More than twice as many Americans have type 2 diabetes than 30 years ago, and new research suggests that our sedentary lifestyle habits and overconsumption of calories may not be the only reasons. Certain chemicals called phthalates—ubiquitous in soft plastic packaging, fragrances, and cosmetics—could be contributing to a rise in diabetes rates, according to a study from Brigham and Women’s Hospital.
It’s one of a handful of recent studies that found a statistical association between high levels of phthalates and an increased risk of diabetes, but it couldn’t determine whether there was a causal effect, in part because phthalate levels were measured at one point in time—after the study participants had already been diagnosed with the disease.
The study, published Friday in the journal Environmental Health Perspectives, examined data from a government study of 2,350 women ages 20 to 80 and found that those with the highest levels of certain types of phthalates in their urine had up to twice the likelihood of having diabetes compared with those with the lowest.
About 9 percent of those with a high level of one type, called mono-isobutyl phthalate, had diabetes compared with 5 percent of those with the lowest levels of this chemical. But phthalates are found in medical tubing, IV bags, and certain medications, so it could be that those with diabetes are more likely to have higher levels due to the fact that they take more medications and have more medical treatments.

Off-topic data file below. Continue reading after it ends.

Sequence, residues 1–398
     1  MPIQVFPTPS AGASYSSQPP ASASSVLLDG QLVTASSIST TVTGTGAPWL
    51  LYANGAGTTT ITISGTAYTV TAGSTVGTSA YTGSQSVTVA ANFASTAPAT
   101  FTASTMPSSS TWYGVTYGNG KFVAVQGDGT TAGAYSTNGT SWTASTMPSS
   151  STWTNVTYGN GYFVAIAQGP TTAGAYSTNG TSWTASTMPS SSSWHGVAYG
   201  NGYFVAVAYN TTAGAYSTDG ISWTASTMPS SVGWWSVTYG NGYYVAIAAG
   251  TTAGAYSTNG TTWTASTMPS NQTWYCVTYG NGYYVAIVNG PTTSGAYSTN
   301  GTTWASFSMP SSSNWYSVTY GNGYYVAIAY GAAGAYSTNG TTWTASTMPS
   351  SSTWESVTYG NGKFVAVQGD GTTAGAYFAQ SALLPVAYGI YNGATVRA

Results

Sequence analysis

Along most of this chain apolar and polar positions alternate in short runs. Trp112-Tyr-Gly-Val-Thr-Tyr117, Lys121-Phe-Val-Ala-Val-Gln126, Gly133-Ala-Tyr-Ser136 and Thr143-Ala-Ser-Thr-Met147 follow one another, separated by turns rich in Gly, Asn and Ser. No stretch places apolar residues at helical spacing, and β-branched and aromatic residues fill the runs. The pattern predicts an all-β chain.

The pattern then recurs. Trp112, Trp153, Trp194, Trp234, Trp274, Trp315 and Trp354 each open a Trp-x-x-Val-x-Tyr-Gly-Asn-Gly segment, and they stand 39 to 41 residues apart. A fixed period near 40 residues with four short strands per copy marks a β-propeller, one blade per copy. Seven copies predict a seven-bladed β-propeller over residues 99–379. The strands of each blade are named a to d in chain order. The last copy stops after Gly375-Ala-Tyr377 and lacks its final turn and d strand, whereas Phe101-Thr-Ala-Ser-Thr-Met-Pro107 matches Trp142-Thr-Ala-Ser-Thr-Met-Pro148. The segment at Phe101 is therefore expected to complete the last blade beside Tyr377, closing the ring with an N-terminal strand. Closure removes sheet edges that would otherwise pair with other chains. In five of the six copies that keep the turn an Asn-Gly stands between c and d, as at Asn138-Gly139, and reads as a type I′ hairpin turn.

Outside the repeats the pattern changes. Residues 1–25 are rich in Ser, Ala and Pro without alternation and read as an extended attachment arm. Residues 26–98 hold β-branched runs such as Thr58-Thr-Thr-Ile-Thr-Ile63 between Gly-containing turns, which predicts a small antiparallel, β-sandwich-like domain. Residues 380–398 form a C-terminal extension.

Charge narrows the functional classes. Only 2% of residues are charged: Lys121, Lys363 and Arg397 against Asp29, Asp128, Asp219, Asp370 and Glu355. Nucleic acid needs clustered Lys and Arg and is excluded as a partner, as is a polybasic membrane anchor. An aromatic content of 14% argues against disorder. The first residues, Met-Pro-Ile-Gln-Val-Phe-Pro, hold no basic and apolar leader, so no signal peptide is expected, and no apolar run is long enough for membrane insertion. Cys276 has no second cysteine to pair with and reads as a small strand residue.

“What we really need to do now is to start exploring phthalate levels over time,” said study author Tamarra James-Todd, an epidemiologist at Brigham and Women’s, “to determine whether high levels actually lead to a greater risk of becoming obese and developing diabetes down the line.”
Phthalates are a class of chemicals called endocrine disrupters because they bind to cells and can alter the production of certain hormones such as insulin or estrogen.
“This study certainly has important public health implications,” said Nikki Gillum Posnack, a George Washington University phthalate researcher who wasn’t involved in the study. “It adds support to the claim that phthalate exposure is associated with metabolic diseases in humans, including insulin resistance and diabetes.”
About 75 percent of Americans have detectable levels of phthalates in their urine, and whether or how much of an impact these chemicals have had on our diabetes rates isn’t known.
It’s also tough to avoid phthalates since they’re in everything from nail polish to deodorant to plastic packaging. “A moisturizer can say it’s phthalate-free, but it’s packaging can still contain the chemical, which can leech into the cream,” said James-Todd. “The bigger issue is whether the government should take steps to limit the use of phthalates in products.”Deborah Kotz can be reached at email@example.com. Follow her on Twitter @debkotz2.